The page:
Reading around the traps I see some conservative commentary which sees these matters as binary: light versus darkness, holiness versus sinfulness and consequently as matters over which people should leave the church to reform around what they believe. (Some talk, for instance, that the progressives should have the courage of their convictions and leave to form a church better suited to their view of Anglicanism).

My own preference is to see these matters as matters on which Anglicans have reasonable grounds for reasonable difference. 

At the heart of debates over homosexuality in 21st century life are two (or more views) on homosexuality as a phenomenon of human life. 

Some Anglicans view homosexuality as a result of the Fall and thus all strictures against blessing same sex marriages are logical extensions of a view that only sexual commitment in line with creation's intention itself can be blessed. 

Some Anglicans view homosexuality as a longstanding variation within human sexuality, likely present since the emergence of humanity (homo sapiens) from the evolutionary process and thus a state of life which is within nature rather than against nature, with a consequential hesitancy to interpret Scripture as constraining two homosexuals from committing to each other in lifelong, faithful love.

Given that no definitive statement of Anglicanism found in the BCP or the 39A determines that it is unreasonable for Anglicans to hold to either view of homosexuality, is it not within the bounds of Anglicanism for there to be differences of view on how our church might respond to two homosexuals seeking ecclesiastical blessing for a legal state of life? (We might note that there are statements within Anglicanism about the respected role of the magistrate in civil life ...!).

If such debate is framed in this way, then isn't it incumbent within Anglicanlands to find ways to accommodate our differences on such matters rather than to divide over such matters?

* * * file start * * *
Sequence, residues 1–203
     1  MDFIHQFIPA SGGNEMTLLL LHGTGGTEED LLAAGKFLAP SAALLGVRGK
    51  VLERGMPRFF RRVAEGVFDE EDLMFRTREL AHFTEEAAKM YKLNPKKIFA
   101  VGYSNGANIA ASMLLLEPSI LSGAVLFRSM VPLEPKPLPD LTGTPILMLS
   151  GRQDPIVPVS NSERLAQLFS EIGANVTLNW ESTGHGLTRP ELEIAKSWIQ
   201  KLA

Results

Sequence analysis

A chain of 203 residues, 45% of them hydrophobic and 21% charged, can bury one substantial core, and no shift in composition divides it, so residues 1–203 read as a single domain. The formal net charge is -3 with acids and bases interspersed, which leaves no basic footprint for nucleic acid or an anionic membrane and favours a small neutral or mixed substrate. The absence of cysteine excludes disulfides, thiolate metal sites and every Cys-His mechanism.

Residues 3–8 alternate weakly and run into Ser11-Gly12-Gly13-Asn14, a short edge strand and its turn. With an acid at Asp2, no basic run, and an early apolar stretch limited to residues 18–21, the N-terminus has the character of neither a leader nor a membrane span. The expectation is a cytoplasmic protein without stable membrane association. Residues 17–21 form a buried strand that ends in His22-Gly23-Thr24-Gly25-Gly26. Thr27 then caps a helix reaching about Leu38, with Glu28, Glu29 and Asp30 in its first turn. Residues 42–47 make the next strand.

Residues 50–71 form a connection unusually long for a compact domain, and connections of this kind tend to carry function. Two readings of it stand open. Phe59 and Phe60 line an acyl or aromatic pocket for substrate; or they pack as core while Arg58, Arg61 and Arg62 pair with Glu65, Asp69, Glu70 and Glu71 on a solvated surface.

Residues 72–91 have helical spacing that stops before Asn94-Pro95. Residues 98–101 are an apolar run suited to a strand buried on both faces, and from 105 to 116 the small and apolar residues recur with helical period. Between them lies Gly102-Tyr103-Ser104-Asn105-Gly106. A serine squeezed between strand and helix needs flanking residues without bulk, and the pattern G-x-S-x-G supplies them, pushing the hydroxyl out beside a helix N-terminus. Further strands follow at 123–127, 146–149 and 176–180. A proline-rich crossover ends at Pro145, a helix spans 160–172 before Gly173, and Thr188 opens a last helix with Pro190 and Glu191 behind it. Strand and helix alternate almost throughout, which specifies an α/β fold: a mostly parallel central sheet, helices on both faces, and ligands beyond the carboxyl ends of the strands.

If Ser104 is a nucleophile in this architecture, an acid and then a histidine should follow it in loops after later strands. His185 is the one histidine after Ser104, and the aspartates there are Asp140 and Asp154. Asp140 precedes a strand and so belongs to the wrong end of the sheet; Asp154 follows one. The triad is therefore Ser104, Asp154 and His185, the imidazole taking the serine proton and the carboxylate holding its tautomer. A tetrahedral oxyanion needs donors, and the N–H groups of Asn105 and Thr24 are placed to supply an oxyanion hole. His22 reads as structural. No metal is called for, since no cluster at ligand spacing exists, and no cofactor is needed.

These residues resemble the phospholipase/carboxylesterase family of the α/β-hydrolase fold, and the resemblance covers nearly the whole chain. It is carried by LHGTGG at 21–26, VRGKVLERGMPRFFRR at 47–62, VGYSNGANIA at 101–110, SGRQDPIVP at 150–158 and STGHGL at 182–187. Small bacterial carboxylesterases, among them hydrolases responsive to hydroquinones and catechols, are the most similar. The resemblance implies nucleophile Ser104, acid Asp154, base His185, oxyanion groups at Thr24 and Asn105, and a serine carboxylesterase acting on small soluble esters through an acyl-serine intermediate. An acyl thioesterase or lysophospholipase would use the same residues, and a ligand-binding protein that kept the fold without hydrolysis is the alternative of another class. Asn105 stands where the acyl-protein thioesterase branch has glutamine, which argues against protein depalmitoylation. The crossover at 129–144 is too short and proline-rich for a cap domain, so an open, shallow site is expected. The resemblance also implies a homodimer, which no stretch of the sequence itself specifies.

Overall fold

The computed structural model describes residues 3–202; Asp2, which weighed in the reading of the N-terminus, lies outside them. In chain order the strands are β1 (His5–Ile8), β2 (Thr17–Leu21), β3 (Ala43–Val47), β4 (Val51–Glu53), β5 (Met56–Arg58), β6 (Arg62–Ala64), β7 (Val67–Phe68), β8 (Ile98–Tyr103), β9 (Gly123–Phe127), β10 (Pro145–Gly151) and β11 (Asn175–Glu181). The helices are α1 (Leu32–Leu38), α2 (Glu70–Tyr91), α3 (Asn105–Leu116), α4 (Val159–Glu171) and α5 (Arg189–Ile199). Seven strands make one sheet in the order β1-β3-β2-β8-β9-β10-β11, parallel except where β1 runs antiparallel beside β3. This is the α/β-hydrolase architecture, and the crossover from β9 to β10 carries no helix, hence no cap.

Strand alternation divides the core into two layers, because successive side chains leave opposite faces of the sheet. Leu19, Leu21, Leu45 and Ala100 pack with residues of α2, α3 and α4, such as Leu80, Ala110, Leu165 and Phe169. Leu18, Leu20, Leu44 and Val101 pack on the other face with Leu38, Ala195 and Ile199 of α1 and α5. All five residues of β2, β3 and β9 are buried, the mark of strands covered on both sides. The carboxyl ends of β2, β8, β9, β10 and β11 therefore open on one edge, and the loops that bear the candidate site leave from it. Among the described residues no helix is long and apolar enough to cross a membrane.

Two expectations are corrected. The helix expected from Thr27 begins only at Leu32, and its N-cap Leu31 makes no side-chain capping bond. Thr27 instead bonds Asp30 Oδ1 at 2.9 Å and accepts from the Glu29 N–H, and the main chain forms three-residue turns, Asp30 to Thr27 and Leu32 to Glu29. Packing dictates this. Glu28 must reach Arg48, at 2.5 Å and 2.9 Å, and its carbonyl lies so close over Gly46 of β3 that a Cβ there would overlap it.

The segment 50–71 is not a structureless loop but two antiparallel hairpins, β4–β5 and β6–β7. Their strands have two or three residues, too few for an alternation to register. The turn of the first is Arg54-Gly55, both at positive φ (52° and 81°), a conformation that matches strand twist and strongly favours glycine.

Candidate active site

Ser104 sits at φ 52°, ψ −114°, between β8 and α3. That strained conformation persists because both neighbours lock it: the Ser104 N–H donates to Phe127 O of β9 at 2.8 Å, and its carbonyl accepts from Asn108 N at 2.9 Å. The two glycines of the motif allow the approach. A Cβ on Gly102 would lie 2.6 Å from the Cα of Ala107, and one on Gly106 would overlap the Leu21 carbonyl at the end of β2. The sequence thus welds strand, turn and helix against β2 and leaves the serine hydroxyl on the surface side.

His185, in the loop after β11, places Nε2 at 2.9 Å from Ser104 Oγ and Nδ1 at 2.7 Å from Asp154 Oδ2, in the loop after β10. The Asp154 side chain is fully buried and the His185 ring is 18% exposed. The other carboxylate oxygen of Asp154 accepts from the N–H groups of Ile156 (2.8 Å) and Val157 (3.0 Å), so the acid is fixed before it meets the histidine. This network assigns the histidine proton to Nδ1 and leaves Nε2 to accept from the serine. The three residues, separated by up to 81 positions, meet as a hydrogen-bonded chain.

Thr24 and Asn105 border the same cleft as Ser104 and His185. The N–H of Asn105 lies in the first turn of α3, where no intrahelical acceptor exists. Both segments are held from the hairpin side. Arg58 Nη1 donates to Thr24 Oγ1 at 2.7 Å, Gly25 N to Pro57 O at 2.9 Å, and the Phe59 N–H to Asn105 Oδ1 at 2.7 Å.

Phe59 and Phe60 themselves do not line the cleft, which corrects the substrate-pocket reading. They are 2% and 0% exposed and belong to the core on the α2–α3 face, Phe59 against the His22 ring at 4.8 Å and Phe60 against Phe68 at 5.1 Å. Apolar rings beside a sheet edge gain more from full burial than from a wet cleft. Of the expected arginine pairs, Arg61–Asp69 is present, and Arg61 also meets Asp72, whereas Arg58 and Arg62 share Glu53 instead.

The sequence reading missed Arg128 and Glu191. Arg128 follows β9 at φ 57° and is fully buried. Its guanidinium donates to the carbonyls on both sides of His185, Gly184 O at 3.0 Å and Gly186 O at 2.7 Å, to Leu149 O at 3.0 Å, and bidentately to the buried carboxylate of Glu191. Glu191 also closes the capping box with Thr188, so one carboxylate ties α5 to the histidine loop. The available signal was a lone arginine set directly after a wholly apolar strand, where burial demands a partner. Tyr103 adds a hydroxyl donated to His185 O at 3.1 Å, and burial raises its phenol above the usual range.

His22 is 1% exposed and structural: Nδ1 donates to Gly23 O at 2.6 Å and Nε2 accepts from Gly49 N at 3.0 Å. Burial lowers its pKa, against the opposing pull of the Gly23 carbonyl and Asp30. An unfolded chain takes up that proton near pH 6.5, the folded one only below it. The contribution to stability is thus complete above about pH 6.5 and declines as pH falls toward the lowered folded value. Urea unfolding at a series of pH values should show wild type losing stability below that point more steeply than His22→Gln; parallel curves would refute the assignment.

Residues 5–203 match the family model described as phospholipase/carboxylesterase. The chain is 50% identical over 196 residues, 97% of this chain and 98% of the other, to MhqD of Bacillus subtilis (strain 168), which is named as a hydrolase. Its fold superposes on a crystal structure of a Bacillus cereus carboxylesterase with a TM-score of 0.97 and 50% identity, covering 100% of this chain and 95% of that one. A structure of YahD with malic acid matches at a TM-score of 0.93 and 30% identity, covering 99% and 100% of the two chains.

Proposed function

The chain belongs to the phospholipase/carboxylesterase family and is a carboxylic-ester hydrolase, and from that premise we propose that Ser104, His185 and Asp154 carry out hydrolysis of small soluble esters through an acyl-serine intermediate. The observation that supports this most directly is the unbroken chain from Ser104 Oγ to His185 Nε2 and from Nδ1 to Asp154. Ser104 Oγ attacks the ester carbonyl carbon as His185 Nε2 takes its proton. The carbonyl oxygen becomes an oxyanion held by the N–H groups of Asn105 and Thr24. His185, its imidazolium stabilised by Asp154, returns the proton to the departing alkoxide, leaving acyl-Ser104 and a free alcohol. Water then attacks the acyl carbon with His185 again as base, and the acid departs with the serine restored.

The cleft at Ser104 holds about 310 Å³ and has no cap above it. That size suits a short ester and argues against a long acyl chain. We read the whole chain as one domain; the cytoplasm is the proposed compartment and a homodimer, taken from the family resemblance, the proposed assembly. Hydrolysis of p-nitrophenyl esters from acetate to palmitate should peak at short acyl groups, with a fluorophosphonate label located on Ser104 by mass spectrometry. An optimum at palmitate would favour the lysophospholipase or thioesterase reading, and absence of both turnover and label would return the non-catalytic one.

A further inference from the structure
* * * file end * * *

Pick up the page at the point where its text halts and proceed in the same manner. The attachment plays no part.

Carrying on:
Monday, May 2, 2022

The explosion of the resurrection across the pages of the New Testament (with an exception)

Preaching yesterday morning (Easter 3), when the readings were Acts 9:1-6 (the Conversion of St. Paul), Revelation 5:11-14 (the worship of the Lamb in heaven) and John 21:1-19 (Fishing on the Sea of Tiberias) got me thinking ...

The resurrection is like an explosion with a massive rippling effect across the pages of the New Testament.

Sure, most of the four gospels could have been written without the resurrection (which takes up just the last chapters of Matthew, Mark and Luke and the last two chapters of John). But without the resurrection there is no conversion of Saul to become Paul and no history of the first Christians which is Acts. No epistles of Paul, no other epistles, except may be the Epistle of James. And no Revelation with its vision of a heaven transformed through the presence of the once slain, now resurrected Lamb.

Which makes it all the more intriguing that the Gospel passage yesterday begins with no sign at all of an explosive resurrection impacting the main disciples of Jesus:

Simon Peter said to [the other disciples with him at the Sea of Tiberias], "I am going fishing." (21:3)

Simon and his fishing mates seem to be at a loose end! Now, sure, to be a bit anachronistic, workers for God need a day off, annual leave, team building exercises, and, within the 40 days (per Luke's account in Acts 1), there could have been a lull in activity in Galilee (though, per Luke the disciples do not go to Galilee, in contrast to Matthew, Luke and John).

Yes, the historical accounts of the appearances of the risen Jesus, especially in relationship to the commissioning-by-Jesus-and-what-happens-next, are intriguing as we note tension across the accounts between Jerusalem and Galilee and, in John 20 and 21, between Simon Peter and the Beloved Disciple, to say nothing of the tension between the explosive character of the resurrection and this exceptional lull at the beginning of John 21.

Perhaps that might keep us humble as readers many centuries later - humble in the sense of not being too sure and certain about exactly what happened, even as (through the witness of the apostles, embedded in the pages of the New Testament) we have high and joyful confidence that the Lord is risen and lives among us, as he did in the heady days of the expanding Christian church in the first century AD.

There are other things to keep us humble these days - or they ought to. Globally we have the continuing scandal of the Russian Orthodox Church showing not one scintilla of compassion for Ukraine and Ukrainians from its top leadership. Locally, Down Under, we have media stories about serious misconduct and unsatisfactory conduct in churches in Australia and New Zealand. Even when it is only a few named churches which feature in the headlines, it seems to me that all churches are tarred with the same reputational damaging brush.